The Fourier transform is one of the most fundamental tools for computing the frequency representation of signals. It plays a central role in signal processing, communications, audio and video compression, medical imaging, genomics, astronomy, as well as many other areas. Because of its widespread use, fast algorithms for computing the Fourier transform can benefit a large number of applications. The fastest algorithm for computing the Fourier transform is the Fast Fourier Transform (FFT), which runs in near-linear time making it an indispensable tool for many applications. However, today, the runtime of the FFT algorithm is no longer fast enough especially for big data problems where each dataset can be few terabytes. Hence, faster algorithms that run in sublinear time, i.e., do not even sample all the data points, have become necessary.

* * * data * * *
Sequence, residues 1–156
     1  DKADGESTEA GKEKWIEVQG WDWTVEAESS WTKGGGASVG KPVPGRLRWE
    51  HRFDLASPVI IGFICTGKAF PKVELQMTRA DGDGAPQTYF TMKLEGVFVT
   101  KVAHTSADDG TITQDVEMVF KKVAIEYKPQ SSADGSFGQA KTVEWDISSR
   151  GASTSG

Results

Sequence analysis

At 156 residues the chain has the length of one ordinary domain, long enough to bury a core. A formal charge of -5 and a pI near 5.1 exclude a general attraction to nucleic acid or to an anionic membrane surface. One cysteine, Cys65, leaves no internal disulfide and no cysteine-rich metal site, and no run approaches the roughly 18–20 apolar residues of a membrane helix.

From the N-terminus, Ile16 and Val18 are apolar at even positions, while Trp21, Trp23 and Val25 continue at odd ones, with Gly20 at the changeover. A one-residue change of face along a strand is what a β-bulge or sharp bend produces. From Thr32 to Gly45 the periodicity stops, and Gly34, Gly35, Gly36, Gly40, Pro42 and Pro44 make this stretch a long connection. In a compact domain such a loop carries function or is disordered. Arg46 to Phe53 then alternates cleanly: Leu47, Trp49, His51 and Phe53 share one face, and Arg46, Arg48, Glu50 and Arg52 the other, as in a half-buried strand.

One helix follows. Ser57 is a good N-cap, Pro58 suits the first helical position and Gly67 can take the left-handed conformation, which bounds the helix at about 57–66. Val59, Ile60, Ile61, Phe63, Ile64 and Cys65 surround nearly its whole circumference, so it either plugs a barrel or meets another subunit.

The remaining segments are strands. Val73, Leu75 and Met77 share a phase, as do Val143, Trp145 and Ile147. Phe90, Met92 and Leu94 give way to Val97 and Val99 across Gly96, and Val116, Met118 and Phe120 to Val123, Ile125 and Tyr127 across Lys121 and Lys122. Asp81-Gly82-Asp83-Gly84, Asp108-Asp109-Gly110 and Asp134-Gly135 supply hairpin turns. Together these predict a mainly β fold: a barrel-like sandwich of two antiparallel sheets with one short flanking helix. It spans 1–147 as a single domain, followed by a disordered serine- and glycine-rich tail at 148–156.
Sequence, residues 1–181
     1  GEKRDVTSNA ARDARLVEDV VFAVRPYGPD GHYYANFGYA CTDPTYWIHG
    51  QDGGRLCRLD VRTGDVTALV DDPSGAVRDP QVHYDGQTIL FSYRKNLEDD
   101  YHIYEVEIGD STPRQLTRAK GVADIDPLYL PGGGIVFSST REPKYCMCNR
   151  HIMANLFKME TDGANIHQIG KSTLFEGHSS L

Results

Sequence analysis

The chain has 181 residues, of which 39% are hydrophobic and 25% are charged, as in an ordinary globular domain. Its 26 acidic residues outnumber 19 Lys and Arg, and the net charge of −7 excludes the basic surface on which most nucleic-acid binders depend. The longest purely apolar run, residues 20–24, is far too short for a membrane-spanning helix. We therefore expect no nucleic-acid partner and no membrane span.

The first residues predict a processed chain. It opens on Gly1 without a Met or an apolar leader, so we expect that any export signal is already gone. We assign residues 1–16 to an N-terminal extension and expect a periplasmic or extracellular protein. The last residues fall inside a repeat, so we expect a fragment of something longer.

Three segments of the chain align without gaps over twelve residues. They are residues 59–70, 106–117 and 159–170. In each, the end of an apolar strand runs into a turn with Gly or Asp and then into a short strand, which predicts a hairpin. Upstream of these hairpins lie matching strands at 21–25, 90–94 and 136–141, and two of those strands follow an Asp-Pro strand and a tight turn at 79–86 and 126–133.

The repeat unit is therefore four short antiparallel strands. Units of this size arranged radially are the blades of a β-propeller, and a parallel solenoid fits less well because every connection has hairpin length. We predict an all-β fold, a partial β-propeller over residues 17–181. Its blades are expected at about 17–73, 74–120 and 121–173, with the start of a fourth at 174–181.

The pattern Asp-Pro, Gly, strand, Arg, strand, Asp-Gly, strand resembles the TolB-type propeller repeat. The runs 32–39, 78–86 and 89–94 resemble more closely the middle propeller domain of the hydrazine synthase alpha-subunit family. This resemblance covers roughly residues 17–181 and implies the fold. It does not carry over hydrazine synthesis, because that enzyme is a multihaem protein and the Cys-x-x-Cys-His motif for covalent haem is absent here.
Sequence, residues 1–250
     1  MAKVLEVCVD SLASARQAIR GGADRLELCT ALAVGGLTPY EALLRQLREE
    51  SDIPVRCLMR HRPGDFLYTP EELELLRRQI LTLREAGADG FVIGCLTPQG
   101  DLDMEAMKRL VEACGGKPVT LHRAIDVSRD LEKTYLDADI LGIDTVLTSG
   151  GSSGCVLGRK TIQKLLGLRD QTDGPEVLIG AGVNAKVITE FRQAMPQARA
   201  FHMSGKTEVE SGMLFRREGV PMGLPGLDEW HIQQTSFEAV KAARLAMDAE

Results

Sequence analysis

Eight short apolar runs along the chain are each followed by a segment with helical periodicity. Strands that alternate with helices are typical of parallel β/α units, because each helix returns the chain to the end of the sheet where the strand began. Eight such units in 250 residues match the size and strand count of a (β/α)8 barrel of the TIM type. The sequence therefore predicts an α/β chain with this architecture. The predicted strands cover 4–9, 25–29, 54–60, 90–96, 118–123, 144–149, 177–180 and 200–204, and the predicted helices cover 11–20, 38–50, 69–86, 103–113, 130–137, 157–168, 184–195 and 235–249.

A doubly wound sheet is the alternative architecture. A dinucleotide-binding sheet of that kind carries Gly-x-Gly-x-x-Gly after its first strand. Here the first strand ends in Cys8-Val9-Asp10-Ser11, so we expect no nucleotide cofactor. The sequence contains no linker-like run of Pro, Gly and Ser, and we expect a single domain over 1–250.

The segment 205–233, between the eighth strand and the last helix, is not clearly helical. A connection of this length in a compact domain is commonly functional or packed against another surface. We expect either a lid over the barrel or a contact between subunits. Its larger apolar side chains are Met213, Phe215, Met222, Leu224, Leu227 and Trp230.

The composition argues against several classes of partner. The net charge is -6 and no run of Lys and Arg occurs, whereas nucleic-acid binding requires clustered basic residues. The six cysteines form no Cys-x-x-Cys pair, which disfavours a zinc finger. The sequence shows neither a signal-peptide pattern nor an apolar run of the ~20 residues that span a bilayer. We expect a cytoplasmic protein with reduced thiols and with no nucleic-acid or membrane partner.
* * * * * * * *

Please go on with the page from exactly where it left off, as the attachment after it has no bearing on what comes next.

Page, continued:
This book addresses the above problem by developing the Sparse Fourier Transform algorithms and building practical systems that use these algorithms to solve key problems in six different applications: wireless networks; mobile systems; computer graphics; medical imaging; biochemistry; and digital circuits.
This is a revised version of the thesis that won the 2016 ACM Doctoral Dissertation Award.